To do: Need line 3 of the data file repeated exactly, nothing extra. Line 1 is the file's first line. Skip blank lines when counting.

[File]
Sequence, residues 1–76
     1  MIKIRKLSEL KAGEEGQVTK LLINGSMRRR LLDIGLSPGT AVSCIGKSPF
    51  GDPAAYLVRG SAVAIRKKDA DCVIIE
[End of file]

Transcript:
    51  GDPAAYLVRG SAVAIRKKDA DCVIIE